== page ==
Wednesday, August 12, 2015

Heard: "A Spy Among Friends" by Ben Macintyre

Heard: A Spy Among Friends: Kim Philby and the great betrayal by Ben Macintyre, 2014, download. Narrated by John Lee.

Macintyre's Foreword says he is not trying to repeat the Philby stories and analysis of previous books. Macintyre wanted to focus on the personalities and relationship between Philby and longtime friend and colleague Nicholas Elliott. (These are my notes as I listened to the book. I won't clean them up much.)

In case you forgot: Philby was one of the Cambridge Five, a Soviet spy ring that proved hugely successful from it's 1930s inception to the 1960s.  Philby and his Cambridge University classmates were recruited in the 1930s and they went on to join government and newspaper jobs. All of them were upper or middle class and presented themselves as loyal Englishmen.

The Cambridge Five were part of the English crust that thrived on exclusivity: public school, university, private clubs, family ties and spying. You did not apply to the spy service, you were recruited. You were recruited only after a family friend or relative gave you a recommendation. Background checks were minimal and could be resolved after a reference of, "I know his father." Being a Soviet mole is the elite of the elite - the only one - and that attracted Philby.

Philby and Elliott met during World War Two and were fast friends. They worked in the same cities and freely traded shop talk over many boozy evenings. They both advanced through the ranks of MI6 (British secret intelligence service that focuses outside Britain, akin to the CIA). Elliott was Philby's friend and defender. Elliott never knew that Philby's allegiance had always been to Philby's communist ideal.

Philby was charismatic. People wanted to be around him and be his friend. His presence would lift their feelings and made a party successful. Spy and political information flowed during late night booze ups and dinner parties. That inside information stayed inside the spy agencies - among the employees - but traveled from office to office, , bureau to bureau, person to person, agency to agency. News went from "Bob" to "Dave" to Philby to Russia.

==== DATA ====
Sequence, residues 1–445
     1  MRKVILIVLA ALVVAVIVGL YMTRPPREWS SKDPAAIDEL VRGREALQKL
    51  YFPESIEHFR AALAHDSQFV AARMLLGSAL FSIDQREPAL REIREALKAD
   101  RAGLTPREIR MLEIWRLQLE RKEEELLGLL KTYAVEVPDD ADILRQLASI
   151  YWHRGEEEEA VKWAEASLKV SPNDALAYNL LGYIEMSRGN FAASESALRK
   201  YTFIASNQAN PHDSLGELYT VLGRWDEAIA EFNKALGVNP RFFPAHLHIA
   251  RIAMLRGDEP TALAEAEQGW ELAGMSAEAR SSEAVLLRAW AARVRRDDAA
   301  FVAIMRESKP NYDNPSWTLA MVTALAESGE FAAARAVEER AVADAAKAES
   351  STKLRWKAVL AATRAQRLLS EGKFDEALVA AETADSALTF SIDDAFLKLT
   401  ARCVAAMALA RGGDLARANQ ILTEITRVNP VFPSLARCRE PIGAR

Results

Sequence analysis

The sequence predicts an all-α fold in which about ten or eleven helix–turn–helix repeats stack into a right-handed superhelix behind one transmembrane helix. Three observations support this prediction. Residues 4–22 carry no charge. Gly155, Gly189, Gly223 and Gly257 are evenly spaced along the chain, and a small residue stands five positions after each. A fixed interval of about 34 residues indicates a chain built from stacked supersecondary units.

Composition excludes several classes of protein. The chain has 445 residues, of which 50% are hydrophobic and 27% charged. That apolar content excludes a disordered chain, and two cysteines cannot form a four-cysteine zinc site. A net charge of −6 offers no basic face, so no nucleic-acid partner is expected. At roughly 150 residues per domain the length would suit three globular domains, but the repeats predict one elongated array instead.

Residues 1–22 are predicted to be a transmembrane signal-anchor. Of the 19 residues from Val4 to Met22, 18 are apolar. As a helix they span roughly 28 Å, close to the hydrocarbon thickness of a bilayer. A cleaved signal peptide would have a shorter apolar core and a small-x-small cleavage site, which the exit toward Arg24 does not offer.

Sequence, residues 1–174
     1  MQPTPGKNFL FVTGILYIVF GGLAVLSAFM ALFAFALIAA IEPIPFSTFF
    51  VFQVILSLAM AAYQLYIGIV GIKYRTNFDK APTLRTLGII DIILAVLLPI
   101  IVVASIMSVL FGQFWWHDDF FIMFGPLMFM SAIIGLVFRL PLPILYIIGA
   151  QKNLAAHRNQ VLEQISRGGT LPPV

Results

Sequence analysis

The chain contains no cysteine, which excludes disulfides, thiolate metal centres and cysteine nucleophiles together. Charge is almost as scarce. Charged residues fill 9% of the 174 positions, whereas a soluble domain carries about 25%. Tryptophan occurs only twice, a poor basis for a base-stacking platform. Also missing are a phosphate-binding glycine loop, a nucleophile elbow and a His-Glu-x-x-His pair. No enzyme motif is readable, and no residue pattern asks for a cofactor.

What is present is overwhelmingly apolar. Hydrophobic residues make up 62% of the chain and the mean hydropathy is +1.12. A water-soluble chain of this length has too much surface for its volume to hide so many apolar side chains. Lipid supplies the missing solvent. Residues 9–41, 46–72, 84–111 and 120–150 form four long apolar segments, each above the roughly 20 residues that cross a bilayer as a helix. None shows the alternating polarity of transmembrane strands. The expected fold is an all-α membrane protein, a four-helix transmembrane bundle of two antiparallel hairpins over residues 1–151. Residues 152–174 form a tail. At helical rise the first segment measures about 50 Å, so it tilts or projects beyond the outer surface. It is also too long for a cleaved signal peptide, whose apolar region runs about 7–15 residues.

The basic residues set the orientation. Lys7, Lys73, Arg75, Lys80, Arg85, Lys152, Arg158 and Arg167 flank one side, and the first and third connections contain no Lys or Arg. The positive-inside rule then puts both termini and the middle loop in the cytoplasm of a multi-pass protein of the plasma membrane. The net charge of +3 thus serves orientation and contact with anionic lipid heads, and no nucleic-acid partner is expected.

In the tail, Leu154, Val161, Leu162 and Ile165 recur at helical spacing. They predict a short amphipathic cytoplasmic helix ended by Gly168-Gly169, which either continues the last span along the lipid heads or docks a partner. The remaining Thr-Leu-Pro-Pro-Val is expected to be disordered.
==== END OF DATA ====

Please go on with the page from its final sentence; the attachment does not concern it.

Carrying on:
All that free flowing shop talk is what made Philby such a successful spy. As a senior agent and social butterfly Philby was directly responsible for hundreds of deaths. During the late 40s and early 50s Albanian and Ukrainian infiltrations were completely given up: landing locations, gear, radio equipment and codes, agent names and hometowns. Many more people - relatives, friends, former neighbors of agents - were killed, tortured or imprisoned by governments.

During WWII a German defector gave over names of non-communist anti-German fighters. Philby shared those Eastern European names and locations with the Russians. As the Russians pushed through Poland and Germany they carried lists of names and murdered any possible future opponents.

Things were dicey for Philby in the early fifties when his pal and fellow spy Guy Burgess split England with a third spy, Donald Maclean. Some intelligence officers starting connecting the dots among all the failed operations that all had a connection to Philby. But, there was no proof and Elliott repeatedly went to the mat for Philby. Philby was forced to resign, had a few jobs, was denounced in Parliament, and ultimately hired back by MI6.

MacLean and Burgess skipped town after a Venona cable was decrypted. That Russian cable from 1944 said a British mole was living in NYC and had a pregnant wife - that was enough to identify MacLean. Burgess was used as intermediary to warn MacLean and smuggle him out of England. Burgess's name was already mud because of his alcoholic guzzling and bizarre and rude behavior. Both of them skipping out put suspicions everywhere, certainly on Philby.

Philby was forced to resign.  Tons of circumstantial evidence from multiple failed operations behind Iron Curtain. He struggled financially, the Reds got him some money at one point, and MI5 thought him guilty. MI6 was split with Elliott going to the mat for Philby again and again. Elliott was the one who gained public school admission for Philby's oldest son. Philby went to work for MI6 in Lebanon under cover as a reporter. He also went right back to work with the Russians.

Proof against Philby was finally strong enough. Shortly before this another spy was found out, convicted and sentenced to over forty years imprisonment. The sentence was shockingly long. Philby was under a big threat with no Old BOy network to save him. Elliott interrogated Philby over a couple days. Philby skipped out of Beirut and went to Moscow. He never regretted his actions.

1. The wartime stories reminded me of Soldier of Orange. Most of the agents sent from England into Holland were caught and killed. The Germans had an inside track on the infiltrations and tortured and killed the men. They used stolen radio codes to send false positives to England.Soldier author Erik Hazelhoff Roelfzema knew something was wrong but British intelligence ignored the signs and kept sending people to their death. The same things happened in the Cold War.
2. Philby was pals with CIA agent MIles Copeland, Jr. Copeland's son Stewart was in The Police.
3. Oh, Yeah! That was one of the jokes in Anthony Neil Smith's The Drummer. Someone says Merle's band should do some covers, like some Police tunes. Merle responds with "What?! You try drumming that stuff. Too hard."
3. Philby worked with Graham Greene as well. Greene was a junior colleague to Philby and Elliott.
4. The Afterword by John Le Carre discuses Le Carre's brief stint in British Intelligence and his many conversations with the famed Elliott. Elliott's career was long and successful but Elliott's reputation was darkly stained by his defense or and decades long friendship with Philby.

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